Wednesday, September 29, 2010

Idaho seeks permission to kill Lolo wolves

Plan calls for killing 40 to 50 wolves

Express Staff Writer

After a month-long public comment period, the Idaho Department of Fish and Game submitted a proposal to reduce wolves in the Lolo region by 50 to 80 percent over the next year.

If approved by the U.S. Fish and Wildlife Service, the management plan would allow the killing of "an initial minimum removal of 40 to 50 wolves" during the first year. The Lolo Zone in northern Idaho is home to at least 75 wolves, which, according to an ongoing Fish and Game study, is reducing elk populations in the region.

This proposal is the first to outline a plan for wolf management under the Endangered Species Act's 10j provision, which gives states with federally approved wolf management plans, such as Idaho's, authority to request wolf killings to protect threatened ungulates such as elk and deer. Though wolves have once again been deemed an endangered species as of an August ruling by U.S. District Judge Donald Molloy, wolves in most of Idaho are classified as a "non-essential" or "experimental" population. That classification gives states some flexibility regarding management.

The proposal was in development in early 2009, but Idaho wolves were delisted from the act, rendering the proposal unnecessary. It was updated and resubmitted after Molloy's August decision.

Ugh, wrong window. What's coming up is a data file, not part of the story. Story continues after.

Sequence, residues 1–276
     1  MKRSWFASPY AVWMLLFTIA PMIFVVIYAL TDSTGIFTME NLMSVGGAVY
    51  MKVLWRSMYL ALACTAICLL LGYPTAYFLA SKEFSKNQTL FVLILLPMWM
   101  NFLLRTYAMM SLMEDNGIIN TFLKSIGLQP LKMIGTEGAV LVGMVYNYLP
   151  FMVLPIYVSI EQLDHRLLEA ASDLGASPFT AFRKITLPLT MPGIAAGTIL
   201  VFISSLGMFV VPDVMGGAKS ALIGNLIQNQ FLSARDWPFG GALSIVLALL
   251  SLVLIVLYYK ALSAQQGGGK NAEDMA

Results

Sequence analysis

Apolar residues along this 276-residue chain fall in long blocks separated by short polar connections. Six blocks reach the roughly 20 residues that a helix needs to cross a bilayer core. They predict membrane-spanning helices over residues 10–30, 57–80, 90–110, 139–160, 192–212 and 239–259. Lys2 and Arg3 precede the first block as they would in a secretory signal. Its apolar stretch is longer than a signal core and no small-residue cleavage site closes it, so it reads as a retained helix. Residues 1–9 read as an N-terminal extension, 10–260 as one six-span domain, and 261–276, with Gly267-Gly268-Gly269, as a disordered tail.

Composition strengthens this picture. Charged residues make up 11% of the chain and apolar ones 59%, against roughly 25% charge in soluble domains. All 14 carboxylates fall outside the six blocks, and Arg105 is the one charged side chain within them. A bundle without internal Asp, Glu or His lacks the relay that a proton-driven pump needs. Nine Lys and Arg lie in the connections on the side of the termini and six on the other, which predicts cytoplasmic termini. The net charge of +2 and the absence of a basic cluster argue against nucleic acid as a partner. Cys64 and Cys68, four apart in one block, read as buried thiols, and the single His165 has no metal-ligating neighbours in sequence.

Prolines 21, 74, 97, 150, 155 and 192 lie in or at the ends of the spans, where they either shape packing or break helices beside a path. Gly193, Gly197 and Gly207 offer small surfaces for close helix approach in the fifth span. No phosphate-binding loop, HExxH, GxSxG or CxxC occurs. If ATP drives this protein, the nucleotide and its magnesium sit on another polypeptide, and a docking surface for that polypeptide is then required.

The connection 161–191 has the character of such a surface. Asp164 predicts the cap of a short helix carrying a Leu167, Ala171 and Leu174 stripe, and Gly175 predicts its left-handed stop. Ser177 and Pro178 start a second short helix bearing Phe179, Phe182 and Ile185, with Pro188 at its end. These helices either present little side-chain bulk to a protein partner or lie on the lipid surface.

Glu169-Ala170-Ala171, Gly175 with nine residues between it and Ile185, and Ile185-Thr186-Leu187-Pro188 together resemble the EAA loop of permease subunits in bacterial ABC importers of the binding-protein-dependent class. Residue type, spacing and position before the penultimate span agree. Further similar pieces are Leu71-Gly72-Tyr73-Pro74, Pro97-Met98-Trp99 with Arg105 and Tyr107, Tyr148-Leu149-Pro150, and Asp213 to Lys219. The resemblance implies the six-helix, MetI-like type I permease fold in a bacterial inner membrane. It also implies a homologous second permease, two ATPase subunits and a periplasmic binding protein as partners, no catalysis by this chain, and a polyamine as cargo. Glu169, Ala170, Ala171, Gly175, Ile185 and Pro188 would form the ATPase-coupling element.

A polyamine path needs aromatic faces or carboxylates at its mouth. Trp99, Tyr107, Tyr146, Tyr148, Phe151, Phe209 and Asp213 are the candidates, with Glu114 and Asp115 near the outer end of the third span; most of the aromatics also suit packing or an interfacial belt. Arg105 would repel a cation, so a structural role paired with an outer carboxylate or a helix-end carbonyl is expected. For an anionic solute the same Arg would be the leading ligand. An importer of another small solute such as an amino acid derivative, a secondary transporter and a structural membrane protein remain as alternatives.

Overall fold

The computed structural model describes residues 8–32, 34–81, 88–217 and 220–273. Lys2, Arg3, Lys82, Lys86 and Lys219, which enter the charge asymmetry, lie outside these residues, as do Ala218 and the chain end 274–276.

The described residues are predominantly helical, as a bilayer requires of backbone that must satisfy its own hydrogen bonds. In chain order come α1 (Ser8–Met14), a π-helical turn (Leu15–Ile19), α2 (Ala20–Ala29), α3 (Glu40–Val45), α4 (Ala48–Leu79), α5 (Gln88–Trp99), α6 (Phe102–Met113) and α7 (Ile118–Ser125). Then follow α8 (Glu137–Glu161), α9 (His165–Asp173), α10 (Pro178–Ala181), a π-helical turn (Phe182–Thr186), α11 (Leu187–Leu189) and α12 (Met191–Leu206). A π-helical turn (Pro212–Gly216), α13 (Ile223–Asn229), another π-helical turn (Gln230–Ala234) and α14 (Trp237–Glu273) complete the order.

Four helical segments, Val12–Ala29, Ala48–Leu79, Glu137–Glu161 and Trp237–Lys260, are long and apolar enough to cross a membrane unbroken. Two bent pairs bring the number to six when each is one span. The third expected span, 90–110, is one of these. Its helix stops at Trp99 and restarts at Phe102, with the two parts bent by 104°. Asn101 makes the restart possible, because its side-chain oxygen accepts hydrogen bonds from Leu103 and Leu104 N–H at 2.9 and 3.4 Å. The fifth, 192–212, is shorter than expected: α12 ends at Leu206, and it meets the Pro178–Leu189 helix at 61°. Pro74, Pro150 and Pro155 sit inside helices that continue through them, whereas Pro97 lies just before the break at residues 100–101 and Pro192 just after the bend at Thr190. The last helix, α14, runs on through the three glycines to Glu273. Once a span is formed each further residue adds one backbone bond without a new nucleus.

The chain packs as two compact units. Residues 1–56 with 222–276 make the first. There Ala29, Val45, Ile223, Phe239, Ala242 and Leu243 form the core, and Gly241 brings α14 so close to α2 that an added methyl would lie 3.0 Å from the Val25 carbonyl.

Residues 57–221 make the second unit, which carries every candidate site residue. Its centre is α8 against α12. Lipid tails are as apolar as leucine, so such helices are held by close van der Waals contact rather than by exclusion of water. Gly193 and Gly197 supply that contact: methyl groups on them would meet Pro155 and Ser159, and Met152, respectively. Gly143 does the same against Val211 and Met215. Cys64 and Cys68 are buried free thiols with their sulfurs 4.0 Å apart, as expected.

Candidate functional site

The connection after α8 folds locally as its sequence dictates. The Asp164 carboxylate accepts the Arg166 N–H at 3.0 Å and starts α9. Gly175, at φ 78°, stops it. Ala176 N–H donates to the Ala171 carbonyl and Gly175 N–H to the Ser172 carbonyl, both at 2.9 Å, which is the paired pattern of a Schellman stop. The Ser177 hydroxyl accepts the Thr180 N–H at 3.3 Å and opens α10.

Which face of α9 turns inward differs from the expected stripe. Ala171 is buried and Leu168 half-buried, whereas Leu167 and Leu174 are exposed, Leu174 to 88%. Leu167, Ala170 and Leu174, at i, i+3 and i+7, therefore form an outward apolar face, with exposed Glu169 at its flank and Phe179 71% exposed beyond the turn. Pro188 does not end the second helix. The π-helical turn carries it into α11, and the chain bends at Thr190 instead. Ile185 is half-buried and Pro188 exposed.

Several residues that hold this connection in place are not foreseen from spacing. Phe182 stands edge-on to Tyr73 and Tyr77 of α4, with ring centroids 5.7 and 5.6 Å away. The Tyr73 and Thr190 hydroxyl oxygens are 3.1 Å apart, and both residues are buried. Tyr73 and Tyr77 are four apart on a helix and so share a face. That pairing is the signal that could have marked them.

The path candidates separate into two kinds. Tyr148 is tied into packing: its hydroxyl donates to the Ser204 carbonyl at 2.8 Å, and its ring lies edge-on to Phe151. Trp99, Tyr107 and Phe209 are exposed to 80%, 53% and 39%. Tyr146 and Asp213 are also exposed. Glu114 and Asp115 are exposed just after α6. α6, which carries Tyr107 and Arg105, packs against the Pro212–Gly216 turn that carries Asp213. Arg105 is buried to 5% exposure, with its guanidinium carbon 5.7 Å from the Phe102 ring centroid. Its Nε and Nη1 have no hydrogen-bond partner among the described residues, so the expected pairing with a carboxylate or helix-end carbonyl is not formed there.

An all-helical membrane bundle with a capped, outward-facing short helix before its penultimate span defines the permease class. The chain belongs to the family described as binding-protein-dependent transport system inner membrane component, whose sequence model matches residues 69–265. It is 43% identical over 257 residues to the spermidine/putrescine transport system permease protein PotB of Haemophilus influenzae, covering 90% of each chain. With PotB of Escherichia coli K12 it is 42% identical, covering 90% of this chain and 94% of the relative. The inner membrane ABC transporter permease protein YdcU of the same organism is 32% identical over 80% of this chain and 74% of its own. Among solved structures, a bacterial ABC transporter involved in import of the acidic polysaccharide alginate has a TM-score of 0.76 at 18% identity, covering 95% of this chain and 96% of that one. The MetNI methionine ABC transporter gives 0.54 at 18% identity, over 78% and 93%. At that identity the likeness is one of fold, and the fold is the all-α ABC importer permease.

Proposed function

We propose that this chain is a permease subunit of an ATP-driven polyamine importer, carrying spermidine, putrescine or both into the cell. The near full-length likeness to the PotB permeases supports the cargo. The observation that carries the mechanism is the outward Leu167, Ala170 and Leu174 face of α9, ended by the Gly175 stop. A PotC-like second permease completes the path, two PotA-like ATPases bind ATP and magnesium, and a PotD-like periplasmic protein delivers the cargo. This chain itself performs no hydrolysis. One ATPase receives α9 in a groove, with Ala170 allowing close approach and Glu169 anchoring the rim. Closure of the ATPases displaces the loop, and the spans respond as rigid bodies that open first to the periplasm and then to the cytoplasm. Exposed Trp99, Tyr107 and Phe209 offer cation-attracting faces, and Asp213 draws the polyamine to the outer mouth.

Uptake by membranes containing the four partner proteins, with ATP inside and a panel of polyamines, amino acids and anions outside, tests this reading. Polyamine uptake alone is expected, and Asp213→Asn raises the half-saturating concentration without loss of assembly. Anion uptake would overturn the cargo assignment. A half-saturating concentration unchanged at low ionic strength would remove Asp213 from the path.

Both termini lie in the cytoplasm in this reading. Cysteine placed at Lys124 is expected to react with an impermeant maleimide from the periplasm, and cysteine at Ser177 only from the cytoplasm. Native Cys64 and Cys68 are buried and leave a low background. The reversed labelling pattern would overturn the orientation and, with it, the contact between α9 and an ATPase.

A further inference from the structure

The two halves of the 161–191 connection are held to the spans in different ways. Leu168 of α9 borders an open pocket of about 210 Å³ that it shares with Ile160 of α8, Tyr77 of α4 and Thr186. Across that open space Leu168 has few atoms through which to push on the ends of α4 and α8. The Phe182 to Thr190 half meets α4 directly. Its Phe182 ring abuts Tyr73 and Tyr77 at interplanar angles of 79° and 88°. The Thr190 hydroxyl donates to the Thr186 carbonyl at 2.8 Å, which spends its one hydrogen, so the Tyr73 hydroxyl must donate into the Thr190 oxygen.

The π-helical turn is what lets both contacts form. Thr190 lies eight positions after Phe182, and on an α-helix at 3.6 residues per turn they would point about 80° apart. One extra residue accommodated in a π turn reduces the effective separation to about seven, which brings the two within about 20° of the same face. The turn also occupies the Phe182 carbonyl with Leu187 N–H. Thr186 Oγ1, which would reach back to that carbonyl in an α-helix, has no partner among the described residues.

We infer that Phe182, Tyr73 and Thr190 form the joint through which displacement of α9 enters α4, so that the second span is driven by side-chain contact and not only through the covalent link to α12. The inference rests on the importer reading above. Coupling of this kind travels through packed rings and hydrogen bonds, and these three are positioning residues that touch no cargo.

Department spokesman Ed Mitchell denied that the plan, if approved, would set a precedent for other regions.

"It may be that this is the only place this will work," Mitchell said. "I wouldn't go so far as to call it a precedent for other actions ... but it certainly has potential."

The plan sets elk objectives at 7,400 to 11,000 for the region, well below the 1989 peak of more than 16,000 animals. The objective is above the estimated 4,691 elk in the region in 2002, just prior to wolves becoming a significant predator in the area, and well above the current estimate of 2,100.

Wolf advocate Garrick Dutcher, program manager for Ketchum-based Living with Wolves, said the region's elk are in a "natural decline," and that the Lolo plan is a "misguided assault" on wolves.

"This is wildlife mismanagement designed to artificially boost an elk population," Dutcher said. "Wolves are good for a balanced ecosystem, [but] not for a game farm."

The U.S. Fish and Wildlife Service must approve the plan before it goes into effect. Mitchell said service officials had not set a definite timeline, but that he expected a decision "sooner rather than later."

Katherine Wutz:

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